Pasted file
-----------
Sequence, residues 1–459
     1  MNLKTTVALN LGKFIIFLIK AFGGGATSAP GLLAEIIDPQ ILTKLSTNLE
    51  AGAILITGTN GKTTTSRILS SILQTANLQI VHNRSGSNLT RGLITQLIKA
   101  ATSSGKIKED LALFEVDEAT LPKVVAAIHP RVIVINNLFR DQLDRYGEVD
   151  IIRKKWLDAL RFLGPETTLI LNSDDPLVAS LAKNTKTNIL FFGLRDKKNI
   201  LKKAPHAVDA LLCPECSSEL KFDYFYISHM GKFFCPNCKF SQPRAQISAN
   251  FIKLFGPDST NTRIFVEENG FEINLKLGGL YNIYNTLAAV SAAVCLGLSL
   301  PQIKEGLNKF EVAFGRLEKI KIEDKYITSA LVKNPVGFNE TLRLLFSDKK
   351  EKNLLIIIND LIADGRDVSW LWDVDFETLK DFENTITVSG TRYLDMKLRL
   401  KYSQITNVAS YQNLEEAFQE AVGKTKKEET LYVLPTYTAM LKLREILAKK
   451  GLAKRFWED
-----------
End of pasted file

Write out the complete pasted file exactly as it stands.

Sequence, residues 1–459
     1  MNLKTTVALN LGKFIIFLIK AFGGGATSAP GLLAEIIDPQ ILTKLSTNLE
    51  AGAILITGTN GKTTTSRILS SILQTANLQI VHNRSGSNLT RGLITQLIKA
   101  ATSSGKIKED LALFEVDEAT LPKVVAAIHP RVIVINNLFR DQLDRYGEVD
   151  IIRKKWLDAL RFLGPETTLI LNSDDPLVAS LAKNTKTNIL FFGLRDKKNI
   201  LKKAPHAVDA LLCPECSSEL KFDYFYISHM GKFFCPNCKF SQPRAQISAN
   251  FIKLFGPDST NTRIFVEENG FEINLKLGGL YNIYNTLAAV SAAVCLGLSL
   301  PQIKEGLNKF EVAFGRLEKI KIEDKYITSA LVKNPVGFNE TLRLLFSDKK
   351  EKNLLIIIND LIADGRDVSW LWDVDFETLK DFENTITVSG TRYLDMKLRL
   401  KYSQITNVAS YQNLEEAFQE AVGKTKKEET LYVLPTYTAM LKLREILAKK
   451  GLAKRFWED